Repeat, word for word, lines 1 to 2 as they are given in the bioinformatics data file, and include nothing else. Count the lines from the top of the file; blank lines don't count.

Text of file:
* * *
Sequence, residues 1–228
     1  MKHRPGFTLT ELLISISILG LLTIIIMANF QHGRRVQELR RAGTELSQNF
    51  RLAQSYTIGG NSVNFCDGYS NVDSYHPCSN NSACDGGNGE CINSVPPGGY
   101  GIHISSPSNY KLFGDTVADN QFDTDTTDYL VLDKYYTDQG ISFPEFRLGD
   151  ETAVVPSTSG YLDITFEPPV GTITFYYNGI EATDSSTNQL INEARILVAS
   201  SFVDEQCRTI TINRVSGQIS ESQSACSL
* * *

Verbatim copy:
Sequence, residues 1–228
     1  MKHRPGFTLT ELLISISILG LLTIIIMANF QHGRRVQELR RAGTELSQNF